Posts Tagged ‘autistic’


Alexithymia. A new word for me. A new word to get my tongue round and to understand in different ways. Alexithymia is the name for a condition that means people affected by it are dysfunctional regarding emotional awareness, social attachment and interpersonal relating. It is a condition that co-occurs with autism but does not share the same symptoms. Researchers are constantly debating which symptoms are related to autism and which are related to alexithymia. More can be read about autism and alexithymia and how they co-exist with each other by following the link: https://sites.google.com/site/geoffbirdlab/home.

In layman’s terms you have no words for anything, no emotions, nothing to say and nothing to talk about. It can be as if you are a shell just existing and literally going through the motions until you die. You have no life and spend most of your time alone wondering why you are the way you are and why people shun you. It drains you constantly wondering why people avoid you, don’t talk to you, cross the road to avoid you. You have no energy left to deal with day to day life. All you do is exist for reasons unknown to you and to anyone around you. You have no purpose in life, no reason to exist. All you can do is wonder why…

Dr Rachel Moseley from the University of Bournemouth describes alexithymia as: difficulty identifying what you’re feeling, difficulty describing what you’re feeling, and an externally-orientated, ‘stimulus-driven’ thinking style (which means that people with alexithymia don’t tend to be introspective about their feelings and emotions or spend a lot of time thinking about how others might be feeling – because emotions are very confusing to them. They therefore tend to think more ‘concretely’ about things that are going on (i.e. EXTERNAL stimuli in the outside world rather than INTERNAL feelings). And adds that this is the most common view but not the only view. This is a view I can relate to from my own personal experiences.

In my personal experiences I have been shunned by people at work and in social situations. In relationships I just sit there at the most wondering what to say or do, usually just staring blankly at a wall ignoring the person I’m with. It’s no wonder I’m single. How am I supposed to respond to questions of how I feel when I cannot interpret any feelings I have? And what happens when you don’t feel anything? How do you answer someone who asks you how you’re feeling when you’re feeling nothing at all?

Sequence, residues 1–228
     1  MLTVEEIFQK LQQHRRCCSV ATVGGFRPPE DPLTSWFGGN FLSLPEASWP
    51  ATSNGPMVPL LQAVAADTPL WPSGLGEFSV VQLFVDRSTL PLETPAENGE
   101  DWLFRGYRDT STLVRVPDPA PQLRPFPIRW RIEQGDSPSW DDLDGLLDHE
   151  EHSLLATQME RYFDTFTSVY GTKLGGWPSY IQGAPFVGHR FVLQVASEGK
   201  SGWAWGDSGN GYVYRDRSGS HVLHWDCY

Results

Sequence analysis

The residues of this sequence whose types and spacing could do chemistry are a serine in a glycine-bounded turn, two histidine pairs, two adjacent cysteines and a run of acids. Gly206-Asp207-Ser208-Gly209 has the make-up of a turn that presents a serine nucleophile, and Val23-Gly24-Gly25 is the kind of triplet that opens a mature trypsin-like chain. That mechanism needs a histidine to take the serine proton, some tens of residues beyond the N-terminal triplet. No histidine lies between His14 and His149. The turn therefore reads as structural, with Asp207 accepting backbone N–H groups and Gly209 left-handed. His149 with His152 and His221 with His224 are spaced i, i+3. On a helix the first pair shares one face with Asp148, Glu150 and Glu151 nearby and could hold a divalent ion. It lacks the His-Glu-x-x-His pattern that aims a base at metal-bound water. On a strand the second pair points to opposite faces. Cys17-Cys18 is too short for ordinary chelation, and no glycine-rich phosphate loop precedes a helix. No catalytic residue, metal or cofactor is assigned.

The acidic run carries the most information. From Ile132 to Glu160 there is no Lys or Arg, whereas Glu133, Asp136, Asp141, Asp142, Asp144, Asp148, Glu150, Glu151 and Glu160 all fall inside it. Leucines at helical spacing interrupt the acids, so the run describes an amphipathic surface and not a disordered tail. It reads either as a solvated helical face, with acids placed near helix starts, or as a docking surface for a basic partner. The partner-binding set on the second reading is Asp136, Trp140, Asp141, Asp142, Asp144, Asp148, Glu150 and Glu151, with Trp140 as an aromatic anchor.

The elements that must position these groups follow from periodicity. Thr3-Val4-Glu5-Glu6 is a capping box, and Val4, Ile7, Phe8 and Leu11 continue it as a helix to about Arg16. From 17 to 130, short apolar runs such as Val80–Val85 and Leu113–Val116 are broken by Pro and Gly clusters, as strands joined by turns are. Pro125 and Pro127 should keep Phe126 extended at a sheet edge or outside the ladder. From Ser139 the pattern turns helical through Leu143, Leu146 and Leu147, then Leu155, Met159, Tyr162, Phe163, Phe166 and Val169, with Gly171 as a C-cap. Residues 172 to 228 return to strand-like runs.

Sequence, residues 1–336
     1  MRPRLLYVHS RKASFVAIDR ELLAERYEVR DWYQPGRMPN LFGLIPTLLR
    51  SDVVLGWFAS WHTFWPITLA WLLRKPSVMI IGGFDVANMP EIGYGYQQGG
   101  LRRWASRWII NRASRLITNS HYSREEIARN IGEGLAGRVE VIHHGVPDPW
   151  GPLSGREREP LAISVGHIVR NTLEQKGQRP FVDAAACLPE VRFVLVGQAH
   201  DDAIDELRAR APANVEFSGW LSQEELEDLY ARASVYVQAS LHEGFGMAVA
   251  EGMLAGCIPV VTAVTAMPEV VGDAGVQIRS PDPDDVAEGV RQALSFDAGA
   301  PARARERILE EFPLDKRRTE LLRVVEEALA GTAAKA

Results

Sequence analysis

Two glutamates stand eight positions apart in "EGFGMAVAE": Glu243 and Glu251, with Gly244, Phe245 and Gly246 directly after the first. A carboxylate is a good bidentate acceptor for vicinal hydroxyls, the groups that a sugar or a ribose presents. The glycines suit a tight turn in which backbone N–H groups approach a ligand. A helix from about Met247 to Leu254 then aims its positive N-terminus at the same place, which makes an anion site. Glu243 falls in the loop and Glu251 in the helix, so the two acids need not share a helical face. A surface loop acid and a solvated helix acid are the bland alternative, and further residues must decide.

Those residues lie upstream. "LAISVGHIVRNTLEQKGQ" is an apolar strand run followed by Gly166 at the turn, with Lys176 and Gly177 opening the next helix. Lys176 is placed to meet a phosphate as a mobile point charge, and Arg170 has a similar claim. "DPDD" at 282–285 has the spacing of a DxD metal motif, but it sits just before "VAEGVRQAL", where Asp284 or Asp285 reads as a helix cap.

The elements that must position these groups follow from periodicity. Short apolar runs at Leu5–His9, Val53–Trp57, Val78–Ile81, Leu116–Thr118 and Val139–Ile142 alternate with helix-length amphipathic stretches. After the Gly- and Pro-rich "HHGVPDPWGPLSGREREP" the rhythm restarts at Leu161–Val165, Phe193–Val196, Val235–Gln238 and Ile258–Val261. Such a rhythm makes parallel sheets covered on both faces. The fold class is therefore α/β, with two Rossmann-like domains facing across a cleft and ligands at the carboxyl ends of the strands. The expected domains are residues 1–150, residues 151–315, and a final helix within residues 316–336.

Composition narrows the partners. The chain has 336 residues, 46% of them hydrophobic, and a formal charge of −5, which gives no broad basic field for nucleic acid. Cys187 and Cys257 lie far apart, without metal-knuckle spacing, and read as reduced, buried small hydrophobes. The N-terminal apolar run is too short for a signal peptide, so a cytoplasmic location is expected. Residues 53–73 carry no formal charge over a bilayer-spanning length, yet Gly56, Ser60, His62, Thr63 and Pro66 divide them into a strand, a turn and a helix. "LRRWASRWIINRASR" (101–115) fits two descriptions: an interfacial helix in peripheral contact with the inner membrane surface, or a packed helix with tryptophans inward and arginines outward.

Conversation does not come easy to me. I struggle to keep up with what is being talked about and quickly lose interest preferring to do anything but converse. If someone has a baby it’s so what, people buy a new car and I’m wondering why they are so excited, they got a new job or a promotion and I’m wondering if they will be so excited in a year’s time. I’m not interested right now.
Even if people are ill, injured or dying there’s barely a flicker of an emotion. Life goes on and these things happen. At funerals there’s no tears. I go because I know it’s expected, a social norm and because I know it means something to my friends. This could be seen as pragmatism and stoicism at an extreme most people cannot comprehend.

And yes I’ve felt lonely, isolated, anxious, stressed, depressed and suicidal all because I did not understand why some people wouldn’t talk to me, why some people shunned me, why I found social situations difficult, why I didn’t behave and express myself the same way other people did naturally, why no-one wanted a relationship with me, why I felt different and not in step with the rest of society. This is when you’re at your lowest, everything is too much to cope with and ending it all seems the only way out.

Yet I’m still here. The suicide attempts failed and after years of trying to find a purpose in life I did, study and research. I started an access course at college and now I have just started a PhD the highest qualification you can get. I have found something I enjoy doing and something I feel that I am good at and is worthwhile.

I was diagnosed with Asperger’s Syndrome at the age of 41 in October 2008. This answered many questions, filled in gaps and helped me to move on and understand myself and others better. There still seemed to be something missing but I assumed it was my Asperger’s being unique to me and got on with life still wondering about some things and still making some mistakes the same.